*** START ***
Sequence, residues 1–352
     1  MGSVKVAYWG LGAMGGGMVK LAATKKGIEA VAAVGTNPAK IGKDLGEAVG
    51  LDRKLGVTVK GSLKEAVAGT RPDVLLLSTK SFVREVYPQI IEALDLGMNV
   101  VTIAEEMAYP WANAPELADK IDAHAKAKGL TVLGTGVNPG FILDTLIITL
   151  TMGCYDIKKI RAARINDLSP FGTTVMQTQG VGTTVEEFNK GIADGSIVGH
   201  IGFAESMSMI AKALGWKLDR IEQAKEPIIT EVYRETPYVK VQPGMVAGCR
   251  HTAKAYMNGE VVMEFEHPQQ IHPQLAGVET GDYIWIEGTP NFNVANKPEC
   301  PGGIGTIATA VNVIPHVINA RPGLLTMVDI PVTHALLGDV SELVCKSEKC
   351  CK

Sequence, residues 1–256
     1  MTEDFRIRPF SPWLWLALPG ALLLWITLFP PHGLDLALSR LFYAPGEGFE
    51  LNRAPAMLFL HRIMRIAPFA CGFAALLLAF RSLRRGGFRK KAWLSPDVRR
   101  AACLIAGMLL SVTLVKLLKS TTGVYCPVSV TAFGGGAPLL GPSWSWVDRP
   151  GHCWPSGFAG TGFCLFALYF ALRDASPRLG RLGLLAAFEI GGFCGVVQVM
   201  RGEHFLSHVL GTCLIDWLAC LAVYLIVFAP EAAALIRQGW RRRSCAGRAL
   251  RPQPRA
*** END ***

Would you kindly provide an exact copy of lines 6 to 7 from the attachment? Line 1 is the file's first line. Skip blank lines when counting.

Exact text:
   201  IGFAESMSMI AKALGWKLDR IEQAKEPIIT EVYRETPYVK VQPGMVAGCR
   251  HTAKAYMNGE VVMEFEHPQQ IHPQLAGVET GDYIWIEGTP NFNVANKPEC